How Winter Weather Affects Your Vehicle - NYCM Insurance Blog

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Dec 27, 2019

How Winter Weather Affects Your Vehicle


Paying Attention to These Five Components Can Keep Your Car Running Smoothly All Winter Long!

New York State is known for its harsh winters; a season full of biting winds, ice and –plenty of snow. While winter weather reminds us of the necessary home maintenance, we can’t forget about how winter weather also affects our vehicles.

While winter weather can affect your vehicle in a multitude of ways, there are 5 main components on your car that are at higher risk of damage during colder weather.

 

Battery

Car batteries aren’t a fan of the cold. As temperatures drop, your car battery starts to work harder. If at all possible, park your car in a garage at night to best protect it from winter weather. It’s important to know that a car battery older than three years should be replaced by a professional mechanic. That being said, you should consider having your battery tested often. Some service centers even offer a battery check for free. You don’t want to be stuck in a worst-case scenario with a dead battery in the middle of winter!

 

Wipers

It’s common for wipers to be replaced more often during the winter. This is because the cold weather can cause them to freeze to the windshield and become damaged.  If there’s an impending storm or if you plan on leaving your car outside overnight, it’s recommended to either take your wipers off completely or tilt them upwards to protect them from damage! You might also consider purchasing a frost-guard, which not only protects your windshield and wipers from winter weather but also cuts down on time spent scraping the ice off your windshield. For a simple, DIY deicer recipe to get you on the road faster on chilly mornings, click here.

 

Tires

It’s not uncommon for the tire pressure light to come on in your vehicle’s dashboard during the winter! In the cold, tires expand and contract when driving. Before the winter weather arrives, it’s recommended to inspect your tire pressure. Improper tire pressure could result in uneven tread wear or even a flat tire! You might also consider purchasing snow tires for added safety during the winter.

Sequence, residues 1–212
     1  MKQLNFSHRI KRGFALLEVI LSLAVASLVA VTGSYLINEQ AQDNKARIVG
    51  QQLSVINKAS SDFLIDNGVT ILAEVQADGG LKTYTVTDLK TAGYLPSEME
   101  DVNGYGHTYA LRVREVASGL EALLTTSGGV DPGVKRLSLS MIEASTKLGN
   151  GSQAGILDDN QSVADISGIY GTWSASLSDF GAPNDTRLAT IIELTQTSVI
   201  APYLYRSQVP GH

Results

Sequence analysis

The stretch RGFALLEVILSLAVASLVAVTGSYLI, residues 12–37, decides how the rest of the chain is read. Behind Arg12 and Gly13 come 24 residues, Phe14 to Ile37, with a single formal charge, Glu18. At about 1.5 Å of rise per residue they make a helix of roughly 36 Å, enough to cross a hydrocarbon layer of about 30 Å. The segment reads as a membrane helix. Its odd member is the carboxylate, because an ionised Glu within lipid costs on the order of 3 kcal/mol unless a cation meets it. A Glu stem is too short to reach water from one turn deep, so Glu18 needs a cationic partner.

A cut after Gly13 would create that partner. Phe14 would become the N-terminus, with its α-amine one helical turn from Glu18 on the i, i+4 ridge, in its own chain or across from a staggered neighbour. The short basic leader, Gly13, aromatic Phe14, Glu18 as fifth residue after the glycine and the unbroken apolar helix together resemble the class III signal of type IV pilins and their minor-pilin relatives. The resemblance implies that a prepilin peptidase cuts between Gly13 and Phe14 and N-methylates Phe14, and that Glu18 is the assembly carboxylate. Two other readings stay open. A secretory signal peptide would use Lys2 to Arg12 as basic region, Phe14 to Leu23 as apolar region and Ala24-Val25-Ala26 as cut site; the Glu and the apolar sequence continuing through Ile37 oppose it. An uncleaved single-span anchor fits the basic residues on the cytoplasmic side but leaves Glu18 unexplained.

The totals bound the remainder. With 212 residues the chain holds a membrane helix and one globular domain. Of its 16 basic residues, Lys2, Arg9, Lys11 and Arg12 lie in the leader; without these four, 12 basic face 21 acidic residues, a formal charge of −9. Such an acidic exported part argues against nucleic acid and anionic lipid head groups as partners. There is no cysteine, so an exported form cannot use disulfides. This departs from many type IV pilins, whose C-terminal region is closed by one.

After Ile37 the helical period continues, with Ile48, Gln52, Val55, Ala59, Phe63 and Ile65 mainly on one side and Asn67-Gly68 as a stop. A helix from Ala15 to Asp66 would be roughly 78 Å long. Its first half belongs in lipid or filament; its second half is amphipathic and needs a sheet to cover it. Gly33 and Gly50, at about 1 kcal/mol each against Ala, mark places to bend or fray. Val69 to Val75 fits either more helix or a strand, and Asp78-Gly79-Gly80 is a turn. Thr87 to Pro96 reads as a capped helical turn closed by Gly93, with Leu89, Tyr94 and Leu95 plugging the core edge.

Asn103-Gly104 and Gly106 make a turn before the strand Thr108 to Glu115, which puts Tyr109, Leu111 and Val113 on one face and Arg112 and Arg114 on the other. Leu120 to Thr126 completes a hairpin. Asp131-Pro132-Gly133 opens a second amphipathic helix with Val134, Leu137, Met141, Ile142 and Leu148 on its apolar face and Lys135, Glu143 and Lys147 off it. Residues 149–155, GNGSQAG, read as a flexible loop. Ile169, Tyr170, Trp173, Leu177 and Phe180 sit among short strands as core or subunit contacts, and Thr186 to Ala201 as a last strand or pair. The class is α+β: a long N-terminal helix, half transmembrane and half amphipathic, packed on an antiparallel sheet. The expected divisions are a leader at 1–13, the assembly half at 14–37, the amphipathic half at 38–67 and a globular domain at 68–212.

Undercarriage, Wheel Wells and Brakes

When considering the science involved, we know that metal and cold temperatures are not a good match. Metal—like the metal found in your tires—tends to shrink. Add salt and the other chemicals typically put down on roads to prevent ice build-up and this can cause damage to the undercarriage, wheel wells and brakes. Make a point to wash your car at least once a month to help remove chemical buildup!

 

Fluids

Your vehicle’s antifreeze, transmission fluid and oil will thicken in colder temperatures. When they thicken, the fluids have a harder time moving through the system and can cause a malfunction. To help prevent this, it’s recommended to run your car for 10 to 15 minutes to let it warm up, and to top off liquids before the winter weather hits.

Pro-tip: Keep extra containers of these liquids, as well as windshield washing fluid in your vehicle in case of emergency.

 

Knowing how winter weather affects your vehicle is essential as you hit the snowy roads. Be proactive and ensure your vehicle is equipped with a car safety kit. This could come in handy if caught in an emergency situation! For additional safety, consider completing an auto wellness checkup or contacting your agent to add Roadside Assistance to your existing policy.

 

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